January 27, 2021

To Get People Back to the Office, Focus on Safety First

A significant portion of the workforce has been working from home for most of a year. What is it going to take to get them all back in the office? If we want workers to feel enthusiastic about their return to a shared work environment, managers have to start thinking about the fundamentals—starting with safety.

Starting from the Bottom of the Pyramid
Workplace safety has long been a priority for industrial and manufacturing facilities. But in the white-collar workspace, basic safety has long been taken for granted. Office work is generally not considered to be dangerous.

The pandemic upended those assumptions. Since March 2020, working in close quarters with other people has suddenly felt very dangerous indeed. While vaccines are on the way, anxiety about working in shared spaces is likely to be with us for the next several months or even longer.

That means that managers have to think about the needs of their workforce differently. If you’ve ever taken a psychology course, you’re probably familiar with Maslow’s Hierarchy of Needs. Maslow’s insight was that people can’t focus on higher-order needs (such as self-actualization and esteem) until basic needs for physiological comfort, safety and survival have been met.


While managers in office-based professions have typically been focused on the top of the pyramid—self-actualization and esteem—reacclimating your workforce to shared space in the COVID era will require a new focus on the elements at the bottom of the pyramid. Workers will not feel comfortable coming back to the office until they are assured that they will be safe.

Luring Them Back from the Home Office
As Tracy Brower, PhD, Principal, Applied Research + Consulting, Steelcase, explains in a recent Forbes article, workers have had several months to get used to working in the home environment—and a lot of them have gotten pretty comfortable there. They may miss some things about the office, but at least they feel safe. The home office can have some pretty nice perks, too, in terms of comfort and flexibility (not to mention an unbeatable commute). What’s it going to take to make workers not only comfortable with but actually excited about returning to the office?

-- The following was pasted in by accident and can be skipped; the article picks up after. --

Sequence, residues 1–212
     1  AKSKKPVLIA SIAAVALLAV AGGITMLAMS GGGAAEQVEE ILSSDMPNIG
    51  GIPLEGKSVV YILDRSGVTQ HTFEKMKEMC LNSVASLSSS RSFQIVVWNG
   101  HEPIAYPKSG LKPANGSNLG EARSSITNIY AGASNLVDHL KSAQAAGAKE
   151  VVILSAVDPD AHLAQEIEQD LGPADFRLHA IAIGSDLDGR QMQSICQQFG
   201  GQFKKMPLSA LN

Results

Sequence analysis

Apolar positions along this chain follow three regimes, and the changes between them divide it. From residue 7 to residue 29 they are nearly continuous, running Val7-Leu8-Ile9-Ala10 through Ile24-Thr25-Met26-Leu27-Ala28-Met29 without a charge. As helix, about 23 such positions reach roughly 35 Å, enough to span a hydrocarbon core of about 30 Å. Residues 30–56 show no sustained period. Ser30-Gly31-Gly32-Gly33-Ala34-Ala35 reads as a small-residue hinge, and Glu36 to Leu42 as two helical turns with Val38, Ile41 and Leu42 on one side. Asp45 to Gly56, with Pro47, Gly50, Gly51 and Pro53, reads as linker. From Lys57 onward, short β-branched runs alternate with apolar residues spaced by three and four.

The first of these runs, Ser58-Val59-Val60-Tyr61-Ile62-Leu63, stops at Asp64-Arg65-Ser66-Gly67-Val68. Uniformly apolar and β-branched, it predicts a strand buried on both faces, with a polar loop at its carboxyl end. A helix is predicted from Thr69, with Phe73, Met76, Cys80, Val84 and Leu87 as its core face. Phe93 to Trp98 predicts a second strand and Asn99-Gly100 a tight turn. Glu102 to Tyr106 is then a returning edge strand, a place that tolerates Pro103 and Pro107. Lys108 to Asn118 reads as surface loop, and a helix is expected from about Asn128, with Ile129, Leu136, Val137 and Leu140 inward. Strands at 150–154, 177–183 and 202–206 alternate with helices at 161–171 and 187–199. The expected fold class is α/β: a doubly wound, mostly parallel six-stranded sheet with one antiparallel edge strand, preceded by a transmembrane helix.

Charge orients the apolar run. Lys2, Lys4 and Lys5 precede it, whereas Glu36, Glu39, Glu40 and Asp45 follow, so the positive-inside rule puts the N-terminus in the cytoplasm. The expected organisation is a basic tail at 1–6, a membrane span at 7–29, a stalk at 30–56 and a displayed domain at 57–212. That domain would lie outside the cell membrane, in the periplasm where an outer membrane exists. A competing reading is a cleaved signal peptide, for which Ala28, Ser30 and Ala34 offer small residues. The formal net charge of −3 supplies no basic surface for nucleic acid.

First, managers should look to the bottom of Maslow’s pyramid and focus on measures to improve employee safety, wellbeing and comfort. For the immediate future, that means taking steps to reduce the risk of virus transmission. These steps may include enhanced cleaning and sanitizing procedures, daily health screenings, reduced occupancy levels, physical barriers between workstations and other design and layout changes. Making small changes can go a long way towards building trust and reducing any fear or anxiety that may cause employees to resist coming back to the office.

Once these basic needs are taken care of, managers should look to the higher levels of the pyramid. What does the office provide in terms of connection and belonging, esteem, and self-actualization that workers can’t get from home? A holistic approach to employee wellbeing includes not only physical safety and comfort but also higher needs such as empathy, purpose and connection. When people are getting their physical, cognitive and emotional needs met, coming into the office feels not only safe but also satisfying—and even fun. That translates into real benefits in terms of productivity and retention.

Are you planning to bring workers back to the office full time? Download our Return to Space guide for more strategies for a smooth transition back to shared workspaces.